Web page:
Celtic’s run in Europe was (and if you don’t understand this part feel free to invite someone to read it to you) a tremendous effort on a number of counts; to first come through the qualifying rounds, then the quality of opposition they had to overcome to reach the last 16, and in lifting the gloom that had beset Scotland, domestically and internationally.
It’s no slight on the manager, or the players, but against Juventus, Celtic were at times outmuscled, outplayed and outclassed where and when it mattered. That’s why it will appear as a record loss in the history books, not recorded as a ticket to the next round …
In rugby, Scotland and Glasgow Warriors flanker John Barclay announces he will be leaving the club at the end of this season. Or, as one rugby wag greeted the announcement; “That’s another testimonial dinner we don’t need to worry about …”
News breaks that Manchester City striker Carlos Tevez has been arrested on suspicion of driving while disqualified. The Argentine striker was banned from driving for six months in January this year after failing to respond to police letters about speeding.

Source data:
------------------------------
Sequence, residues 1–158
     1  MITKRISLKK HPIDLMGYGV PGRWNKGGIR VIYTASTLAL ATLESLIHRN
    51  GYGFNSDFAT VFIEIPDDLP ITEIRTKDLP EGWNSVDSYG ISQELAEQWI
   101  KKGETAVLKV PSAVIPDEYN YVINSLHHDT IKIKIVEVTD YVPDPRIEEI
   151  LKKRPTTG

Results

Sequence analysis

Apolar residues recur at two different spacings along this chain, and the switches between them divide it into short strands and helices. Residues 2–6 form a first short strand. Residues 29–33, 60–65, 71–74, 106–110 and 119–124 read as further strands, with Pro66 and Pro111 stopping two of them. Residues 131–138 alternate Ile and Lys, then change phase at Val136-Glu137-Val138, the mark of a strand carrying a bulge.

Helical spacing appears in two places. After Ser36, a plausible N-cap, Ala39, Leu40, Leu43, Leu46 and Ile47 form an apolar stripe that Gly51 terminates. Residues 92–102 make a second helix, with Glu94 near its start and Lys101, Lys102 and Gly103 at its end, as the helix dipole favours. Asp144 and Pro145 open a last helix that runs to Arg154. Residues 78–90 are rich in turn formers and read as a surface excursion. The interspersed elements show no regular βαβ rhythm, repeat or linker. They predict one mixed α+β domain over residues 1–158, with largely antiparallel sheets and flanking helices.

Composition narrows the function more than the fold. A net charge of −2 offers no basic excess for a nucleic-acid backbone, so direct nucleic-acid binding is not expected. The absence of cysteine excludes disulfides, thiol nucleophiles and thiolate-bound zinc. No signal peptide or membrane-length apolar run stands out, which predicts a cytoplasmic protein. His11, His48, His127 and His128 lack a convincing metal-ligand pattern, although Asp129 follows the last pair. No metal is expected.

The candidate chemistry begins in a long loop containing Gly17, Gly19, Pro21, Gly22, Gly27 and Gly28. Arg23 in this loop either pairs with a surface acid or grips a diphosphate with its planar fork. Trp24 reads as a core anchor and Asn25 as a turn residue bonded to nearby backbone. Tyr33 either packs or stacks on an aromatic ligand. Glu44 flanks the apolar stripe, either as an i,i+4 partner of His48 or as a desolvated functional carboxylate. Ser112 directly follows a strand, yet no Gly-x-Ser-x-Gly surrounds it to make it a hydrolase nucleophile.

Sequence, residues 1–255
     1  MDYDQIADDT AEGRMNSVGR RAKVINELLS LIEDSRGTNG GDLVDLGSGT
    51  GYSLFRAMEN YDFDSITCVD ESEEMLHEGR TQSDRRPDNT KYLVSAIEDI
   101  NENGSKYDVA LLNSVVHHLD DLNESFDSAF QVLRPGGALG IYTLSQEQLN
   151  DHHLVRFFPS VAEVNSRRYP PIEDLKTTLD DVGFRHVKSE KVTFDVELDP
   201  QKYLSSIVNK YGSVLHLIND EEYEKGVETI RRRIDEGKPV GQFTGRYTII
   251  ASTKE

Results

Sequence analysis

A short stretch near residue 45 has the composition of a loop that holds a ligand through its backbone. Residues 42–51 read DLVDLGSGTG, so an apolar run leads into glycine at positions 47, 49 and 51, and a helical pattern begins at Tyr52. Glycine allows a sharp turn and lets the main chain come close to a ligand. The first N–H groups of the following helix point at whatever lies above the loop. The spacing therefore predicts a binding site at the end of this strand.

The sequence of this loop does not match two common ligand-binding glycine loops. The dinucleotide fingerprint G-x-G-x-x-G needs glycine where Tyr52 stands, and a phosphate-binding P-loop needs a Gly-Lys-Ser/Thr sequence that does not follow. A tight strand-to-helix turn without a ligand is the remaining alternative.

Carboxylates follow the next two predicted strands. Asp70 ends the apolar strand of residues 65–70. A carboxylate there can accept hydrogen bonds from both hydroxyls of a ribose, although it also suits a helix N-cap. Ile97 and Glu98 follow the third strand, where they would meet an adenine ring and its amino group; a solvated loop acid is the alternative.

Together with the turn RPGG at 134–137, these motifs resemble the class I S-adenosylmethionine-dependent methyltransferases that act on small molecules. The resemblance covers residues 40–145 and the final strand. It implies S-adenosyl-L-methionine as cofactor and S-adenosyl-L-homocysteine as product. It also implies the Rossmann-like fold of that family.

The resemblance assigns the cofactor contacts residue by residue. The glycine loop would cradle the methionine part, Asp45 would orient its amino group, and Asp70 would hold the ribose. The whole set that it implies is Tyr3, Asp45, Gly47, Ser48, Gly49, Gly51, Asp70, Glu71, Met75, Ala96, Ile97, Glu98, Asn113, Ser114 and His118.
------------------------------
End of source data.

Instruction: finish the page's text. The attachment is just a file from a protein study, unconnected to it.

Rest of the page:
Tevez is not the first to have regular correspondence with the locals courts, or DVLA in Swansea.
I remember back in the early 90’s when a well-know car dealership and sponsors of Motherwell donated a car to the player of the year. The worthy recipient then collected the keys and posed for pictures, before driving off with his new wheels. A few weeks later, his wife was doing all of the driving after lost the licence he never had in the first place!
Not-such a worthy recipient then …